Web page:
Some sense in what he says.

noun
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Something wise, sound, or reasonable.

To talk sense.

noun
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Normal ability to reason soundly.

To come to one's senses.

noun
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Meaning; esp., any of several meanings conveyed by or attributed to the same word or phrase.
noun
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Essential signification; gist.

To grasp the sense of a remark.

noun
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To be or become aware of.

To sense another's hostility.

verb
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To comprehend; understand.
verb
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To detect automatically, as by sensors.
verb
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Any of the faculties by which stimuli from outside or inside the body are received and felt, as the faculties of hearing, sight, smell, touch, taste, and equilibrium.
noun
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A perception or feeling produced by a stimulus; sensation.

A sense of fatigue and hunger.

noun
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To detect automatically.

Sense radioactivity.

verb
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(genetics) Of or relating to the portion of the strand of double-stranded DNA that serves as a template for and is transcribed into RNA.
adjective
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Any of the methods for a living being to gather data about the world; sight, smell, hearing, touch, taste.
  • Shakespeare.
    Let fancy still my sense in Lethe steep.
  • Milton.
    What surmounts the reach / Of human sense I shall delineate.
noun
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Perception through the intellect; apprehension; awareness.

A sense of security.

noun
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Sound practical or moral judgment.
  • L'Estrange.
    Some are so hardened in wickedness as to have no sense of the most friendly offices.

It's common sense not to put metal objects in a microwave oven.

noun
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The meaning, reason, or value of something.

You don't make any sense.

The true sense of words or phrases.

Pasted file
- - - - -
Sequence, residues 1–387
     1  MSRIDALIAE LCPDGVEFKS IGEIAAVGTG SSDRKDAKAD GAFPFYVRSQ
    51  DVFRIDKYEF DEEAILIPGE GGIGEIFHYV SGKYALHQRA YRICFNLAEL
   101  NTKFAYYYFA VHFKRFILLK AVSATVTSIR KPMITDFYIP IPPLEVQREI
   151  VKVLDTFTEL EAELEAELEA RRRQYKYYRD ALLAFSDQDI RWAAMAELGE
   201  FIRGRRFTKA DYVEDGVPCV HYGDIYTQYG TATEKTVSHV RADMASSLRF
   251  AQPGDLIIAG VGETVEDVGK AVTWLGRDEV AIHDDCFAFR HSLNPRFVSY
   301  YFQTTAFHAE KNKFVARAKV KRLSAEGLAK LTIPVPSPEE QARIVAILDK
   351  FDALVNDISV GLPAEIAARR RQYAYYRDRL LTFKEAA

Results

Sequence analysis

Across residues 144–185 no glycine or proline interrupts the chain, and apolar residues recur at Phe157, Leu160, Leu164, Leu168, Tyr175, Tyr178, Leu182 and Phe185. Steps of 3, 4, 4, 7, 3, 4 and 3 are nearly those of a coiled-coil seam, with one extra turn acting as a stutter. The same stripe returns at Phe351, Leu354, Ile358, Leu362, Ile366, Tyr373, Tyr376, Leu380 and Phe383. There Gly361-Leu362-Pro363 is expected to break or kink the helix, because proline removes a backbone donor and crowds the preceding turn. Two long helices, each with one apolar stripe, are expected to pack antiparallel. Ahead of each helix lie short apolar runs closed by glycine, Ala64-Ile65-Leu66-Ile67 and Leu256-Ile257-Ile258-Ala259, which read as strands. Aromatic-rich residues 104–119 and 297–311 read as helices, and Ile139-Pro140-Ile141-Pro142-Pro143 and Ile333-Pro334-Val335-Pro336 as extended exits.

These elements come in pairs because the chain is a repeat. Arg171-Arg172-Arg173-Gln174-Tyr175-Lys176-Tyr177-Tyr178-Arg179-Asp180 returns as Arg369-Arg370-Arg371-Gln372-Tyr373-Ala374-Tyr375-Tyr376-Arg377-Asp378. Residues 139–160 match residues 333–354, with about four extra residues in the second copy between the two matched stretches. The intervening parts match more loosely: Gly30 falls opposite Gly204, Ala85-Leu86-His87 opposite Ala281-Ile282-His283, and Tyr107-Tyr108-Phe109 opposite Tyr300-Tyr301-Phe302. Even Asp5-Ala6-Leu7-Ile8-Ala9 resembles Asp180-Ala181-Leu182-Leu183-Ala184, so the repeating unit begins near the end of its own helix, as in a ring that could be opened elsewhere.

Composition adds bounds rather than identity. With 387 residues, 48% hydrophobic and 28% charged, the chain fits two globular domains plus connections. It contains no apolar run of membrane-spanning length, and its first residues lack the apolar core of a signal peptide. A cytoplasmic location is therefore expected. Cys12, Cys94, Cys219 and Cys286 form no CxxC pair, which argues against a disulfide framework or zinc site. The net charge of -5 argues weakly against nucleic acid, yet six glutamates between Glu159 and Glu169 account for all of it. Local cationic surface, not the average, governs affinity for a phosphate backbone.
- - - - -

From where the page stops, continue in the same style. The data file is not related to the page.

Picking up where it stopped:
noun
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A natural appreciation or ability.

A keen musical sense.

noun
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(pragmatics) The way that a referent is presented.
noun
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(mathematics) One of two opposite directions in which a vector (especially of motion) may point. See also polarity.
noun
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(mathematics) One of two opposite directions of rotation, clockwise versus anti-clockwise.
noun
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See also sense.
hyponyms
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To use biological senses: to either smell, watch, taste, hear or feel.
verb
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She immediately sensed her disdain.

verb
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verb
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To detect automatically.

Sense radioactivity.

verb
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The ability of the nerves and the brain to receive and react to stimuli, as light, sound, impact, constriction, etc.; specif., any of five faculties of receiving impressions through specific bodily organs and the nerves associated with them (sight, touch, taste, smell, and hearing)
noun
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in a sense
  • to a limited extent or degree
  • in one aspect
idiom
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make sense
  • to be intelligible or logical
idiom
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make sense of
  • to find meaning in; understand
idiom
1
0

Other Word Forms

Noun

Singular:
sense
Plural:
senses

Idioms and Phrasal Verbs

Origin of sense

  • Middle English meaning from Old French sens from Latin sēnsus the faculty of perceiving from past participle of sentīre to feel sent- in Indo-European roots

    From American Heritage Dictionary of the English Language, 5th Edition

  • From Middle English sense, from Old French sens, sen, san (“sense, reason, direction"); partly from Latin sensus (“sensation, feeling, meaning"), from sentiō (“feel, perceive"); partly of Germanic origin (whence also Occitan sen, Italian senno), from Old Frankish *sinn (“reason, judgement, mental faculty, way, direction"), from Proto-Germanic *sinnaz (“mind, meaning"). Both Latin and Germanic from Proto-Indo-European *sent- (“to feel"). Compare French assener (“to thrust out"), forcené (“maniac"). More at send.

    From Wiktionary